Recently the Cancer Society held its annual ‘Daffodil Day’. Cancer affects 1 in 3 New Zealanders.

While we can never guarantee that a certain lifestyle will prevent cancer there are some nutritional approaches that may help you reduce your risk of cancer.

It is estimated that nutrition is linked to one third of all cancers in industrial countries.

In 2007 the World Cancer Research Fund/American Institute for Cancer Research report, Food, Nutrition, Physical Activity, and the Prevention of Cancer: a Global Perspective was released. This report focused on the role of food, nutrition and physical activity.

One of the report’s top recommendations was to be as lean as possible without becoming underweight. There is convincing evidence that weight gain and obesity increase the risk of some cancers, especially bowel and breast cancer. Maintaining a healthy weight through a balanced diet and regular physical activity will help keep your risk lower.

The second recommendation is to be physically active every day for at least 30 minutes. There is strong evidence that physical activity protects against cancers, including bowel and breast cancer.

Of course physical activity is also a key factor that can help with maintaining a healthy weight. Any exercise is considered to be beneficial. As fitness levels improve the goal is to aim for longer duration, or alternatively increase the intensity of the exercise.

Another recommendation was to decrease the consumption of energy dense foods and to avoid sugar-rich drinks. These foods typically have a low nutrient value, contributing little in the way of essential nutrients, such as vitamins and minerals.

Foods like biscuits, chocolates, chips and fast foods are all energy dense. These foods can easily lead to weight gain which, in turn, can lead to a higher risk of developing cancer.

Evidence shows that vegetables, fruits and other foods containing dietary fibre (such as wholegrains and pulses) may protect against a range of cancers including mouth, stomach and bowel cancer. They also help to protect against weight gain and obesity.

Limiting your intake of red meat and processed meats is also recommended. The report recommends an intake of less than 500 grams cooked (700-750 grams raw) red meat each week. In general, based on information from the 1997 National Nutrition Survey and industry consumption figures for New Zealand, it appears that our red meat intake is already below this recommended intake.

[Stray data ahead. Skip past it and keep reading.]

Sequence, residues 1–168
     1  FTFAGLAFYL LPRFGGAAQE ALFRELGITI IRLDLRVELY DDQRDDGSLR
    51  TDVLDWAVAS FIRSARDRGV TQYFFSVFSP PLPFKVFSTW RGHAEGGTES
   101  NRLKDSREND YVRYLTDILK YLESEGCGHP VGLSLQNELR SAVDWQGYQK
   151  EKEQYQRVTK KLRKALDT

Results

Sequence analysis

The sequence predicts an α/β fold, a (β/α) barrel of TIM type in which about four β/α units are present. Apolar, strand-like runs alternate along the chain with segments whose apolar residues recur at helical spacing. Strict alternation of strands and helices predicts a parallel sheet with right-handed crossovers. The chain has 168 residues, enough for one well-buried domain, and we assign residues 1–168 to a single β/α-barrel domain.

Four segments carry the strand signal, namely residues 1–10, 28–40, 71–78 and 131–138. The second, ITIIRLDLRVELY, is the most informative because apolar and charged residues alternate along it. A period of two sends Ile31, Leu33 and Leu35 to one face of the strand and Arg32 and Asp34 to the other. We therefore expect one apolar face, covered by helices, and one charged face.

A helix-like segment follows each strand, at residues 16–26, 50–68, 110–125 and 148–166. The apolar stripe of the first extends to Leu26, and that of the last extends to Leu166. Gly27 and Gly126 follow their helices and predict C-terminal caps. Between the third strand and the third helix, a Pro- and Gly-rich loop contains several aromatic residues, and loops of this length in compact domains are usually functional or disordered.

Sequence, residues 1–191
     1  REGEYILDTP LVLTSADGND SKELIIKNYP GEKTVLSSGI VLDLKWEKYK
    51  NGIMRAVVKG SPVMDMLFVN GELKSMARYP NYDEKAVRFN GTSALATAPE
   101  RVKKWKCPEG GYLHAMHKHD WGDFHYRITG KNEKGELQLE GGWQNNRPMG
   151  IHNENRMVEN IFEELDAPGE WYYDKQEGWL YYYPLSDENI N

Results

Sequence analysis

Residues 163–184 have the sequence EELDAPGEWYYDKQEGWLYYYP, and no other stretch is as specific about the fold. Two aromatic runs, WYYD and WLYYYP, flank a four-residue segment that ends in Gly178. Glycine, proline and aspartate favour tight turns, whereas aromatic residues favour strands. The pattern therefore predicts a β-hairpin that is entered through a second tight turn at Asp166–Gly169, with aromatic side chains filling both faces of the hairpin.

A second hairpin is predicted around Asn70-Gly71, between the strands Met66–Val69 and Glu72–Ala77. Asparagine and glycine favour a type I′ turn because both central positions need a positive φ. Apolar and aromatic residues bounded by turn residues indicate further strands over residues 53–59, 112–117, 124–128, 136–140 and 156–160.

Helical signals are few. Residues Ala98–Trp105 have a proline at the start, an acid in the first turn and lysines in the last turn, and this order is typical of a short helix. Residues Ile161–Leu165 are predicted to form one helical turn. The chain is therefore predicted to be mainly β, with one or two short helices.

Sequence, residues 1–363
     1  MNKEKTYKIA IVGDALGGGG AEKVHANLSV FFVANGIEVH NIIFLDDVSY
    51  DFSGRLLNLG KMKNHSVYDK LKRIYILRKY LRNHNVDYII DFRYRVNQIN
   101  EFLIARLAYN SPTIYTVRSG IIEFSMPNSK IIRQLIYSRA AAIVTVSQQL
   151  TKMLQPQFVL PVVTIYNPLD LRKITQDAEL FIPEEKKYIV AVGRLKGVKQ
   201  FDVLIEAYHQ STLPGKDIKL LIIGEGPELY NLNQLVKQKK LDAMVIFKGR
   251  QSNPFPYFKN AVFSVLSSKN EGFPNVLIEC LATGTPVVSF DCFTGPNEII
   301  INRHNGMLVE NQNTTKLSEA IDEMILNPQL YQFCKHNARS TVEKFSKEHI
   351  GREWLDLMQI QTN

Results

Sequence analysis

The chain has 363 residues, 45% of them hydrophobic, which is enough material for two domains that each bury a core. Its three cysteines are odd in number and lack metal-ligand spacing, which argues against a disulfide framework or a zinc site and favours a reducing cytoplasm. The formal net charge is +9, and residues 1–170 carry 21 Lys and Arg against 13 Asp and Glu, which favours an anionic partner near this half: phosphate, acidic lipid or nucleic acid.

Recently concern was highlighted regarding the safety of processed meats in the diet. The World Cancer Research Fund International (WCRFI) released the statement that children who eat smoked, salted or cured meats can develop a greater risk of bowel cancer later in life. The WCRFI says a diet high in processed and red meat is the top risk factor for developing bowel cancer. Some estimates suggest that thousands of cancer cases could be prevented if everyone limited their intake of processed meat to 70 grams a week. That is the equivalent of only three rashers of bacon. Processed meat in this report includes ham, bacon, pastrami and salami, as well as hot dogs and some sausages.

So as parents what can we do if our children have a liking for ham or salami sandwiches (like mine do!). Like all things with diet variety is often a key factor. It is important to encourage a variety of foods as part of a balanced diet, and this goes for the school lunch box as well. Try to include a variety of fillings for the sandwiches or rolls such as chicken, lean meat, fish, eggs, low fat cheese or hummus.

Other recommendations in the report included limiting alcohol to no more than two drinks a day for men and one drink a day for women.

Foods with a high salt content should also be limited as it is probable that a high salt intake causes stomach cancer.

Aiming to get your nutrition from whole foods rather than nutritional supplements was also recommended as research shows that high-dose nutrient supplements can affect our risk of cancer.

If you want to lower your risk of cancer try to base your diet around lots of fruit and vegetables, whole grain breads and cereals as this usually helps with weight management. Limit your intake of fatty and sugary foods which are also often the foods that are highly processed and therefore higher in salt as well.

Aim to have some non-red meat meals each week. Choose fish (tinned or fresh) or chicken without the skin, or introduce some legumes (dried beans and lentils) into your meals – a good alternative source of protein. When looking at your plate still aim to have only a quarter of your plate with the protein portion, have half your plate with a variety of vegetables, on the remaining quarter have some carbohydrate such as rice, pasta or potato.

Including physical activity on a regular basis for yourself and your family members is really important. To help achieve this goal it is really important to look for an activity you really enjoy so you are more likely to include it as part of your normal routine.


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Fiona Boyle is a registered dietitian and nutritionist. She runs a private practice and gives nutrition advice to individuals and families to help meet their health needs and personal goals.

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